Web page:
Info@NationalCyberSecurity
Info@NationalCyberSecurity

How to protect identity after cybersecurity breach | #hacking | #cybersecurity | #infosec | #comptia | #pentest | #ransomware


WICHITA, Kan. (KSNW) – The City of Wichita announced Tuesday that personal information was breached in a cyber attack.

The City confirmed Tuesday that someone copied files from the City’s network. The files that were copied from the City’s network include personal data like social security numbers, ID numbers, and payment card information.


The City won’t be more specific about what kind of traffic or law enforcement files were breached or how far back the data goes.

KSN was told that all the information the City can release is on its website, including how to get a credit report or file a fraud alert.

If your information is already out there, you need to keep a close eye on all your accounts, according to experts.

“You need to look at what’s going on; you need to be careful what happens and make sure everything on your credit card is something that ought to be on there every time you get a bill that it something you’re supposed to pay,” said Attorney Charles O’Hara.

O’Hara says you can’t prevent information that’s been hacked from being used. The best thing is to catch any breach early.

“There are ways to protect yourself it’s time to start taking that advice and putting it into action,” Jay McLaughlin, Director of Operations and RBS IT Solutions.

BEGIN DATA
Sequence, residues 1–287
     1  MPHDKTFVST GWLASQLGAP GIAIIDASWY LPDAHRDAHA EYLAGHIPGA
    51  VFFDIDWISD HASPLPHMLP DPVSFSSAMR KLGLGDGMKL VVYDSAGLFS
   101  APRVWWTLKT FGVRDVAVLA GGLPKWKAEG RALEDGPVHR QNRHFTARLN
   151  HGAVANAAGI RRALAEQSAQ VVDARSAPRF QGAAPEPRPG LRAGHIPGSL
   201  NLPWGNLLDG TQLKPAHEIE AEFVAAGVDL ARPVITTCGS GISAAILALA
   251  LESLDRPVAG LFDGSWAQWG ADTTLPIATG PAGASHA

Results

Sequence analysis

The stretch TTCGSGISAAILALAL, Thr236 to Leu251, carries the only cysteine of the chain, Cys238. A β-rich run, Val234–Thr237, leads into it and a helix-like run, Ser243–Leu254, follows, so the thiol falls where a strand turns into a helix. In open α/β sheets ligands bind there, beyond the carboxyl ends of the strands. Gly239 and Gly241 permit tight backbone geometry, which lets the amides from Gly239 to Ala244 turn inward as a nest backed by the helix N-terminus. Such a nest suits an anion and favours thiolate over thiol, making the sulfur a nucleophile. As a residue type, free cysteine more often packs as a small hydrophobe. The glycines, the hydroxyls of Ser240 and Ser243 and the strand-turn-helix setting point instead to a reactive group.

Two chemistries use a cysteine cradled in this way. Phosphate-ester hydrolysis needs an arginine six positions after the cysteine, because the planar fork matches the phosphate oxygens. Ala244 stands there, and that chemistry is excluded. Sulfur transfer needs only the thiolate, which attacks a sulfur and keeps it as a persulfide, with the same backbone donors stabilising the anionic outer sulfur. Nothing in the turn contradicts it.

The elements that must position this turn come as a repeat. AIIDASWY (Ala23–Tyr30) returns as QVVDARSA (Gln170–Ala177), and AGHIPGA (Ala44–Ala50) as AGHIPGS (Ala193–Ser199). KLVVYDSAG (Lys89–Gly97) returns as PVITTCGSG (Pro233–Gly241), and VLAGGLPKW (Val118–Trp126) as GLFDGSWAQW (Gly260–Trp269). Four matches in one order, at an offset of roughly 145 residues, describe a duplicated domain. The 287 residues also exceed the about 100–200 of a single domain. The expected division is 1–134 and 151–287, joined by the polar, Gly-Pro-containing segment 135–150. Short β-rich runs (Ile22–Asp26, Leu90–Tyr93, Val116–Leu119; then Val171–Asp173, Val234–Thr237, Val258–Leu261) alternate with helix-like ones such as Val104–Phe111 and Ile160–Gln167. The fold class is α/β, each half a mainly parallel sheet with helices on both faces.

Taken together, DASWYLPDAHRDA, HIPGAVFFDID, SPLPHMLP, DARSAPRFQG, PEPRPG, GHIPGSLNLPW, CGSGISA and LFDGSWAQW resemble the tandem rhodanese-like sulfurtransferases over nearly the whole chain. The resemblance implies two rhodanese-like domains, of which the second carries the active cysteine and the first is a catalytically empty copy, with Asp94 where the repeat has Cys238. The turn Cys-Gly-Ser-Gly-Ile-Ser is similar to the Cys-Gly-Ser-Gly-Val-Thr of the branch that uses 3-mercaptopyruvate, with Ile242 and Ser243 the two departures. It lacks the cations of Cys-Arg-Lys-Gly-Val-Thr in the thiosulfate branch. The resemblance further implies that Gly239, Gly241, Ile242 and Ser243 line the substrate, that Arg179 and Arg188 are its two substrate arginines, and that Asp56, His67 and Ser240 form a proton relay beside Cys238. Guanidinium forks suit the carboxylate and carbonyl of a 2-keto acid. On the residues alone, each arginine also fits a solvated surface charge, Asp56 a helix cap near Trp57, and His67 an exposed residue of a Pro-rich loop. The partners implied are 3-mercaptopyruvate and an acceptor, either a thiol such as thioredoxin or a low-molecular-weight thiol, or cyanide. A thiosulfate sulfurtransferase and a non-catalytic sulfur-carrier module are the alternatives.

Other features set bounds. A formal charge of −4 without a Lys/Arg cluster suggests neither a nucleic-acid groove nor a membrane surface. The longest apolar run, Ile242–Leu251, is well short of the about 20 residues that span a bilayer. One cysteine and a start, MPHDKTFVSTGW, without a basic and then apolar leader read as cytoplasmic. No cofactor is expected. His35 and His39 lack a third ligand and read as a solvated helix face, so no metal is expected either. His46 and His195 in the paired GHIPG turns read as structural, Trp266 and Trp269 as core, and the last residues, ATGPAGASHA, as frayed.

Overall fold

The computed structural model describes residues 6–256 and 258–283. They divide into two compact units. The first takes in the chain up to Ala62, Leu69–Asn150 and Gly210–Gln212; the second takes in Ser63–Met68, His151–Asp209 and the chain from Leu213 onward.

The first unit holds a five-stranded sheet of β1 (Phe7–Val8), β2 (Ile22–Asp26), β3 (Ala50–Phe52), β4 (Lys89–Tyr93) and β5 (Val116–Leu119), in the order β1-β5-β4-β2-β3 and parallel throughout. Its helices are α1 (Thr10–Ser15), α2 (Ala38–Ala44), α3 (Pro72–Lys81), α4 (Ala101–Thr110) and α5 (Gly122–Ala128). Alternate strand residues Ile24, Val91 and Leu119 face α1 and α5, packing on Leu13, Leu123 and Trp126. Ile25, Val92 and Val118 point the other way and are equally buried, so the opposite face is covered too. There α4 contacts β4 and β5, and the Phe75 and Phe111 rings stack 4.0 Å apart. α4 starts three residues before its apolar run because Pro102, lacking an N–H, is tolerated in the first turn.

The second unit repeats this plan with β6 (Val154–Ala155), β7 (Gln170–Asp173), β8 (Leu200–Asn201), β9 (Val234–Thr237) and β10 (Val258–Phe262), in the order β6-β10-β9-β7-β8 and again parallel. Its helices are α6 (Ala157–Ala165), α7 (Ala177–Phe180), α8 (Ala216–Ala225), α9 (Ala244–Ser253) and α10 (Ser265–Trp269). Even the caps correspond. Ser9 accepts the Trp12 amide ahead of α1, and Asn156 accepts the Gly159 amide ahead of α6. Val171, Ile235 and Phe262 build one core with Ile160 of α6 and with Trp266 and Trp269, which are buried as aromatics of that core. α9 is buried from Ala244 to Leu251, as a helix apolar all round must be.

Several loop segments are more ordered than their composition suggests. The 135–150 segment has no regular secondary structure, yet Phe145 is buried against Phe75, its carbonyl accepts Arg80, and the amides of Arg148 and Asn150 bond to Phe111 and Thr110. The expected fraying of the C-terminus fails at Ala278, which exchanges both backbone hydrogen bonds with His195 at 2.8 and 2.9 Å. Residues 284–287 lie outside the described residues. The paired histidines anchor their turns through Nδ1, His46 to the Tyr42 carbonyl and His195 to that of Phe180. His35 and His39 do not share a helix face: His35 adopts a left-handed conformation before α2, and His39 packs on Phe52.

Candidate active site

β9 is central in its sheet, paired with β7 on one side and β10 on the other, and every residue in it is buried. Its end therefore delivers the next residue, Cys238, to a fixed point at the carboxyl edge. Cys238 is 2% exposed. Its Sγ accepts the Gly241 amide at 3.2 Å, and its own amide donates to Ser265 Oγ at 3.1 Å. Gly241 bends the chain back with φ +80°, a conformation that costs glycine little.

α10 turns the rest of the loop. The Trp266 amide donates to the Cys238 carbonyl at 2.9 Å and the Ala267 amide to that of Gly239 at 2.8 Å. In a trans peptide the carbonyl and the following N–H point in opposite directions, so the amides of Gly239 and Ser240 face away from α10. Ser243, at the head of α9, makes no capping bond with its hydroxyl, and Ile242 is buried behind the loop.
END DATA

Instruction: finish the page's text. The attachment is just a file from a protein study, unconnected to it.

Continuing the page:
You can and should take immediate steps to protect yourself, McLaughlin said.

According to McLaughlin, it starts with changing your passwords and making them more distinct, so you’re not using variations of the same.

“If you’re using potentially the same email address to register for some of the services in the city as maybe what you use across a banking account or maybe a social media account, and there’s potential that you’re using the same password, this now becomes a quick attack to try to pivot to those types of accounts as well,” he said.

McLaughlin said it’s also a good idea to use two-factor identification across platforms.

“Data breaches have become more and more common so I do think we’ve got to anticipate these things are going to happen and have a plan in place to prepare for that,” he said.

McLaughlin said you can also use credit monitoring. It won’t stop someone from getting a hold of your data, but it’ll help you monitor unusual activity.

We have details for how to put a freeze on your credit here.

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